The Terry O’Neill
Tag Award 2012
One of the great joys of my career has been the Terry O’Neill TAG Award. In just a few years it has encouraged thousands of young photographers and every year with a panel of judges, selected for their standing in the industry, I get to see the work of the young people who will become the stars of tomorrow. It is exhilarating to sift through thousands of entries and see the world through their eyes – and to be surprised, because there are images out there that add new dimensions to the narrative of life and refresh our jaded palates.”
On January 18th 2013 London’s The Strand Gallery opened its doors to an exhibition of the ten shortlisted photographers for the acclaimed Terry O’Neill / TAG Award 2012.
The Terry O’Neill / TAG Award is an international competition for contemporary photography founded in 2007 as a platform for new and upcoming talent and, within only a few years, it has become one of the most recognized photography awards of current times. This year's judges included Terry O’Neill, Sean de Sparengo, Jon Jones, Melissa DeWitt, Lucinda Chua, Joe Partridge, Grant Scott and Mike Von Joel.
This year's first place has been awarded to Rome-based Alessandro Penso for his series ‘Youth Denied: Young Immigrants in Greece’. This body of work is looking at a group of young migrants taken in the port city of Corinth, where young men from all over the Middle East and Central Asia are stuck whilst waiting to illegally board lorries that will carry them further into Europe. Penso focused on a group of youngsters aged between 14 and 18 years and many have fled Afghanistan’s forced militarization and are now living in fear of police capture and racist attacks. The Terry O’Neill judges stated that Penso’s ‘Youth Denied: Young Immigrants in Greece’ ‘captures lives in limbo when they are left stranded looking for both safety and a future. We hope his work will help inform future generations of the depth of the crisis.’
The second place has been awarded to Wendy Sacks for her series ‘immersed in living water’ and the third place went to Marc Wilson for ‘The Last Stand’. Also shortlisted have been the photographers Alinka Echeverria, Andy Rudak, Jon Jonks, Ann-Christine Woehrl-Benin, Mimi Mollica, Piers Calvert and Massimo Barberio.The photographs that Most stuck with me, however, are those of Marc Wilson and Mimi Mollica.
Marc Wilson’s landscape series ‘The Last Stand: A Witness to War’ documents ‘the physical remnants of the war in the 20th century in the UK and northern Europe … these manmade objects and zones of defense now sit silently in the landscape, imbued with the history of our recent past.’ The photographs of the series are rather pensive, muted and melancholic and he managed well to not only capture the strange beauty of the individual objects in the landscape, but also to create a collection of photographic records of the past, landscape photographs as war witnesses.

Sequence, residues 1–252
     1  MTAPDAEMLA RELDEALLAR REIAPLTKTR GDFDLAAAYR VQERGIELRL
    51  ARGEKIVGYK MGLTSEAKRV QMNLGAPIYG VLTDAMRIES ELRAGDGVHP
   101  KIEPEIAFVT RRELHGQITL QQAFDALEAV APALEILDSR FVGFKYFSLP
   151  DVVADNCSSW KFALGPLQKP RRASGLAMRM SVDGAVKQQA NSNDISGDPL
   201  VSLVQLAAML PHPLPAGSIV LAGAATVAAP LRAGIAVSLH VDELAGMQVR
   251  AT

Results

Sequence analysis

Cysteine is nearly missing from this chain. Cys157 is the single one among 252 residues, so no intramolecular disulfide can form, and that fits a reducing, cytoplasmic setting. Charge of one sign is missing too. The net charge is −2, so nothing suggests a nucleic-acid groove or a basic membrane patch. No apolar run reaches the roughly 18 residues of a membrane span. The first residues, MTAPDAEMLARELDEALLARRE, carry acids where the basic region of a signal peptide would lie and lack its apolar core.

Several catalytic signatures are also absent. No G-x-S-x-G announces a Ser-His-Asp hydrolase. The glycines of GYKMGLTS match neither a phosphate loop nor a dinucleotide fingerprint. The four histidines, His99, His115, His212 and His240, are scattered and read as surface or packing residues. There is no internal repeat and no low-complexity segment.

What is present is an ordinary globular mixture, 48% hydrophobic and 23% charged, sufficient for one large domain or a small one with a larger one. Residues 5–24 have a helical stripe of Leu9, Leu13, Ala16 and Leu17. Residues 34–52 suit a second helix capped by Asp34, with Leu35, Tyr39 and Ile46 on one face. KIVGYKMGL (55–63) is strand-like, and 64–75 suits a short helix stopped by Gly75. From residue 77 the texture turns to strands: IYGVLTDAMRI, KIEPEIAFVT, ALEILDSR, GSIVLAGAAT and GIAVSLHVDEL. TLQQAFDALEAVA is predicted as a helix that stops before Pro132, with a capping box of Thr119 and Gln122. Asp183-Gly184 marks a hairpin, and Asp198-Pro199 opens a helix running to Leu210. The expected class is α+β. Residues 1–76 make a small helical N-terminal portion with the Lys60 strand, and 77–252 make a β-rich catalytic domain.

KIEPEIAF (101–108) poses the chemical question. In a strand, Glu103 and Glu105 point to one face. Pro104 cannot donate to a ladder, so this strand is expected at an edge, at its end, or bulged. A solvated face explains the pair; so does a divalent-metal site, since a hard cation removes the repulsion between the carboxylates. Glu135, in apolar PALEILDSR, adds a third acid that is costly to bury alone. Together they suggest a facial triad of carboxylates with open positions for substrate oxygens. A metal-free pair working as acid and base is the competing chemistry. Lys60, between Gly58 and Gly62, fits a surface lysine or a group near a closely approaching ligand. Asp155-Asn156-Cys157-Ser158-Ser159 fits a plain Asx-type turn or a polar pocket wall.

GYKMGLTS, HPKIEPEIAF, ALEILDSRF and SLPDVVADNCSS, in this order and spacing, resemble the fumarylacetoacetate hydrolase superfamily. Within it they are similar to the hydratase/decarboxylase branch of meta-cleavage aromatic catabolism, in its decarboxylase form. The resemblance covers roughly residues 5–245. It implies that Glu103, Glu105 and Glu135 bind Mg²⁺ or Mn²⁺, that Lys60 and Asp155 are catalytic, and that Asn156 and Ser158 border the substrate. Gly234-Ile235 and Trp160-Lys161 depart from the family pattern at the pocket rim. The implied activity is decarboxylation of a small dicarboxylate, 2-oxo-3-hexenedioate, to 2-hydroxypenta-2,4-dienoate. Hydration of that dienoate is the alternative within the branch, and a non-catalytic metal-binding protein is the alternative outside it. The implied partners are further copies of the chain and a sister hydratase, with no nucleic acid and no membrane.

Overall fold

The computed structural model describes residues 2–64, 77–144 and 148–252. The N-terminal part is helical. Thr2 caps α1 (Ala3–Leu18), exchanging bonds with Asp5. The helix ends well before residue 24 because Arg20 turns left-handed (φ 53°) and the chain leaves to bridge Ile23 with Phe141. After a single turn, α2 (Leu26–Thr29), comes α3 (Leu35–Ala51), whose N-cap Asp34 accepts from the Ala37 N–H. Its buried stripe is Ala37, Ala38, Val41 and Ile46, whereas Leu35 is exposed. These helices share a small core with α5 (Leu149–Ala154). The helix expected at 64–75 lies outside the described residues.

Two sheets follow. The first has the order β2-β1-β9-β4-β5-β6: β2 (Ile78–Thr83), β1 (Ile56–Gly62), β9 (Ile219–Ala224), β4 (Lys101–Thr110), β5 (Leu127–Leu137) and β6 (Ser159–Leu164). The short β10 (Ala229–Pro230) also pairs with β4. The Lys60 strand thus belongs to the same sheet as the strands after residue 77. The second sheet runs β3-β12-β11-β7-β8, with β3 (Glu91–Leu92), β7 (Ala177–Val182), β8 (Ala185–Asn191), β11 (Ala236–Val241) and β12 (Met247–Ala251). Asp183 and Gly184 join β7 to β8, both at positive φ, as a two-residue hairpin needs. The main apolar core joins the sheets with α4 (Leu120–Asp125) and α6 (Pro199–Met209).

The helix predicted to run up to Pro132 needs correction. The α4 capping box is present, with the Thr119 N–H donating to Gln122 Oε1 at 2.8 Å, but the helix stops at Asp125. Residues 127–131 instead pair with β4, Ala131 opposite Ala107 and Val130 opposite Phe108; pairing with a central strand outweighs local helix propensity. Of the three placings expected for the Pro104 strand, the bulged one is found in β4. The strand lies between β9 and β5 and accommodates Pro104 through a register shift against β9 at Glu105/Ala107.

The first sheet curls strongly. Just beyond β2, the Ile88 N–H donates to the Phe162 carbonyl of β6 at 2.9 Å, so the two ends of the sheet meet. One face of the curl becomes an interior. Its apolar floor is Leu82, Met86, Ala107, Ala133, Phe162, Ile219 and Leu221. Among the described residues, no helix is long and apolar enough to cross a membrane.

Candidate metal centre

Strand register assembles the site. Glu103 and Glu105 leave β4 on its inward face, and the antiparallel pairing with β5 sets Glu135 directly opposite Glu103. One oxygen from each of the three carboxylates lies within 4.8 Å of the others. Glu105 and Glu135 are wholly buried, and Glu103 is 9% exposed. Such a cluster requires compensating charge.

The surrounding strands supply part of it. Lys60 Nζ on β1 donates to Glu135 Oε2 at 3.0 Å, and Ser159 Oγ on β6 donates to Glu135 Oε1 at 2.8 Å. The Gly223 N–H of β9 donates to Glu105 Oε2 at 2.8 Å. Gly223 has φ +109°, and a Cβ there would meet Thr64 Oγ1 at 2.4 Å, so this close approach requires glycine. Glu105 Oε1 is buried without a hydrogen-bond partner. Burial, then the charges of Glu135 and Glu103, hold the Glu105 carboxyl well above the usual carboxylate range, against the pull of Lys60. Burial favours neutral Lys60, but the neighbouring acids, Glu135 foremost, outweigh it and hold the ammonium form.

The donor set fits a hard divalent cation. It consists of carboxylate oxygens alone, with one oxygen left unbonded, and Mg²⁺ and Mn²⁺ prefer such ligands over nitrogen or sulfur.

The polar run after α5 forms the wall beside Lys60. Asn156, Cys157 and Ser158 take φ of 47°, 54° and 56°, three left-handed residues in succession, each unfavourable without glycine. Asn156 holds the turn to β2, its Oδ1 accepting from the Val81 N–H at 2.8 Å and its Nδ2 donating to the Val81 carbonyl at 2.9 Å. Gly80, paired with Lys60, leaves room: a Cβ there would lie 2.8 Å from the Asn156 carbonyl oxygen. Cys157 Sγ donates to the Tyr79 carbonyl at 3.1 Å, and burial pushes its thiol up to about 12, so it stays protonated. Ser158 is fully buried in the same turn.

Another series well worth pointing out Mimi Mollica’s evocative series ‘Terra Nostra’, an evocative project looking at the implications of the Mafia in the territory, in which context the Mafia has grown and built an identity and the people who fight against it. His aim is ‘to show that the Mafia is not only a problem of petty crime, violence and illegal dealings, but that it influences the whole of Sicilian society’. In all of this, Mollica has set himself a very hard task. Firstly, the Mafia is a common and familiar subject for photojournalists and have already been explored by photographers such as Oliviero Toscani and Jocelyn Bain Hogg. However, Mollica manages to set himself apart from the work already done – it is not in-your-face, his approach is a calm and measured, at times elliptical,he looks at the Scilian society in the present day. Many of the photographs in ‘Terra Nostra’ are simply observing everyday Sicilian life but now and then, Mollica mysteriously manages to capture scenes such as the handle of a handgun. ‘Terra Nostra’ follows the complex approach of being simultaneously native, an exile and an outsider – and he give it exactly this sense of being a stranger in one’s own land, even though it is full of details that only an insider could possibly capture.
If you have not yet seen this remarkable exhibition you still have time until Thursday 31st of January to make your way to The Strand Gallery to have a look at some up-and-coming photographers. Or, failing that, you can view the work from February 10th until March 6th at Lucy Bell Gallery in St Leonards on Sea.
The Strand Gallery
32 John Adam Street
Lucy Bell Gallery
46 Norman Road
St Leonards on Sea